from MTHULISI SIBANDA in Johannesburg, South Africa
JOHANNESBURG, (CAJ News) – THE last time a South African head of state was booed, it heralded the end of the controversy-prone presidency of Jacob Zuma.
He was eventually forced out in 2018 after pressure from the public and within his factionalised African National Congress (ANC) grouping.
Zuma, who was in power from 2009, was initially booed by a section of the crowd attending the memorial service of independent South Africa’s first president, Nelson Mandela, at the FNB Stadium in 2013.
A year later, he was given another hostile reception at the same venue when some fans booed him after a football match between his country and Brazil.
Some ANC supporters blamed him for the party’s waning support while concerned South Africans were disgusted at the corruption scandals and personal controversies around him.
If the recent booing of President Cyril Ramaphosa is anything to go by, torrid times lie ahead for the current leader, starting with upcoming polls.
With what is expected to be the most-fiercely contested elections on the horizon since the advent of democracy in 1994, prospects of the ruling ANC are gloomy.
The continent’s oldest liberation movement, 109 this year, faces the greatest threat to its stranglehold on power when South Africans vote in the sixth Local Government elections scheduled for 1 November.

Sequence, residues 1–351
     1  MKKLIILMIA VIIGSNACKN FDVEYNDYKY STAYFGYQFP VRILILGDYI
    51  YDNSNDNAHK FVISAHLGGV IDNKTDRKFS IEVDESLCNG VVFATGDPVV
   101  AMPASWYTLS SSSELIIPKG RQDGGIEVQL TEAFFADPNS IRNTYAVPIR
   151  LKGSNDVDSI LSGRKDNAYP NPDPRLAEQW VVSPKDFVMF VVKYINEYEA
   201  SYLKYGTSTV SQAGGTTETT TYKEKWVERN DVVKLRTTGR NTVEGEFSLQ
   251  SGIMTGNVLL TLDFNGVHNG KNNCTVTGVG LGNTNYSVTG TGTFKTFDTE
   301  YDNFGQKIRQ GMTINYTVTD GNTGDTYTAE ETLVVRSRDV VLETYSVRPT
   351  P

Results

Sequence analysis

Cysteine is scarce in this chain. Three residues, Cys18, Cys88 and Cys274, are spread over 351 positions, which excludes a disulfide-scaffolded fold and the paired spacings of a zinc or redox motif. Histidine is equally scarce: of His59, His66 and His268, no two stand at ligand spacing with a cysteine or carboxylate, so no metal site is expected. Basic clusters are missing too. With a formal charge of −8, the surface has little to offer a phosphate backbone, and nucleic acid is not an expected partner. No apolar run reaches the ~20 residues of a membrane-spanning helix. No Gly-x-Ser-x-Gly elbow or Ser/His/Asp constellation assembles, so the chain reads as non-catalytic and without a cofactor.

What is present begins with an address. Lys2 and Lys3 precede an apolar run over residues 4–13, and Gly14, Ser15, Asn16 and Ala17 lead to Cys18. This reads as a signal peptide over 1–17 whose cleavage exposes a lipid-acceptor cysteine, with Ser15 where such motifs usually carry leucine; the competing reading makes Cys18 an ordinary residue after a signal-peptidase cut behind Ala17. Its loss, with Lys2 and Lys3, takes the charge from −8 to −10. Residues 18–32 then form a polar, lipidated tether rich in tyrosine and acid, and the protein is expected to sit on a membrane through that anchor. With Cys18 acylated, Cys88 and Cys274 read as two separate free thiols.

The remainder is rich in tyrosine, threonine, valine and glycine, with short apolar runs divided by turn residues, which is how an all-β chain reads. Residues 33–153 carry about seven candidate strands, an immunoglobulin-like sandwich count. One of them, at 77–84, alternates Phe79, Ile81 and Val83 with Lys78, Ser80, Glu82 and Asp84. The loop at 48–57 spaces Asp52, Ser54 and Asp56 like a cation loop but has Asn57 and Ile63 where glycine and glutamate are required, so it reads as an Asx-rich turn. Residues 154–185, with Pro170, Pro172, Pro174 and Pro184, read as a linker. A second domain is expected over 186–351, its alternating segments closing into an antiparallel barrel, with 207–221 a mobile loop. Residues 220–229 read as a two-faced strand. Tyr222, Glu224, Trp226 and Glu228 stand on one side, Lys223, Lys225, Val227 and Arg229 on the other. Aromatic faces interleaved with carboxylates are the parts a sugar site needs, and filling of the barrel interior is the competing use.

The run-up to the elections has been messy for both Ramaphosa and his party.
He was recently booed – twice in as many weeks – underlining the ANC’s precarious position.
In mid-September, the Naledi community in the largely impoverished Soweto west of Johannesburg, jeered Ramaphosa as he mobilised residents to register for the polls.
Residents were enraged by poor service delivery and lack of electricity.
It was more of the same at the end of September when some angry residents in Kathlehong, east of Johannesburg, heckled the president as he launched a new COVID-19 vaccination site.
There is anger over the rolling power outages in the area.
“Our leaders only emerge when it’s time to canvass for our votes,” resident, Sicelo Ndaba told CAJ News Africa.
“Once they get our votes they disappear and we are left to suffer poor service delivery. So many promises are made during campaigns but little is delivered,” the resident said.
Allen Mudau, another resident, was scathing.
“We are tired of thieves and promises,” he lambasted.
Ramaphosa’s attack was in reference to the corruption scandals that continue plaguing the ruling party beyond the infamous State Capture era of the Zuma administration.
Graft has escalated during the COVID-19 response. Some of Ramaphosa’s inner circle, including ex-health minister, Dr. Zweli Mkhize, have been fingered.
Khusela Diko, the former presidential spokesperson, was also linked to COVID-19 graft but has since been cleared.
The official opposition Democratic Alliance (DA) is reveling at the fading fortunes of the president and his party.
“Beyond booing Ramaphosa, it is time to vote out his party (ANC) at the ballot box,” said Refiloe Nt’sekhe, DA Mayoral candidate for Ekurhuleni, under which Kathlehong falls.
Natasha Mazzone, DA Chief Whip, stated, “Election 2021 stands to be the moment of reckoning for the ANC, as voters use the polls to boo the ANC out of office in cities and towns throughout South Africa.”